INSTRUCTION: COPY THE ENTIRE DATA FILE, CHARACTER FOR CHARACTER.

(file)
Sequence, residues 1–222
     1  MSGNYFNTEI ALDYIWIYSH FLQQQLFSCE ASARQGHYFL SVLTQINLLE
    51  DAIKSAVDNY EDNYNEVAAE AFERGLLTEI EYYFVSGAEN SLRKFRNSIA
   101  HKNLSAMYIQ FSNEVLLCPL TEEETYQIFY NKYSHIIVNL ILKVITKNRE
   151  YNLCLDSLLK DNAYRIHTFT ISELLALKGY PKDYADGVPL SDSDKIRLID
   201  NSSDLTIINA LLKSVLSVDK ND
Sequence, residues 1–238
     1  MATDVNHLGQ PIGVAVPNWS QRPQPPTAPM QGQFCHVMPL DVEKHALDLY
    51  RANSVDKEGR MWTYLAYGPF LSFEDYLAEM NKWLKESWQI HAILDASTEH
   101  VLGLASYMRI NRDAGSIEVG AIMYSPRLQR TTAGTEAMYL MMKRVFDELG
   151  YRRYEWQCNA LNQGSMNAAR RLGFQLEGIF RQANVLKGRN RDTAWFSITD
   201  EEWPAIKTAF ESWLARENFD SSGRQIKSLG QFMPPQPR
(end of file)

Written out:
Sequence, residues 1–222
     1  MSGNYFNTEI ALDYIWIYSH FLQQQLFSCE ASARQGHYFL SVLTQINLLE
    51  DAIKSAVDNY EDNYNEVAAE AFERGLLTEI EYYFVSGAEN SLRKFRNSIA
   101  HKNLSAMYIQ FSNEVLLCPL TEEETYQIFY NKYSHIIVNL ILKVITKNRE
   151  YNLCLDSLLK DNAYRIHTFT ISELLALKGY PKDYADGVPL SDSDKIRLID
   201  NSSDLTIINA LLKSVLSVDK ND
Sequence, residues 1–238
     1  MATDVNHLGQ PIGVAVPNWS QRPQPPTAPM QGQFCHVMPL DVEKHALDLY
    51  RANSVDKEGR MWTYLAYGPF LSFEDYLAEM NKWLKESWQI HAILDASTEH
   101  VLGLASYMRI NRDAGSIEVG AIMYSPRLQR TTAGTEAMYL MMKRVFDELG
   151  YRRYEWQCNA LNQGSMNAAR RLGFQLEGIF RQANVLKGRN RDTAWFSITD
   201  EEWPAIKTAF ESWLARENFD SSGRQIKSLG QFMPPQPR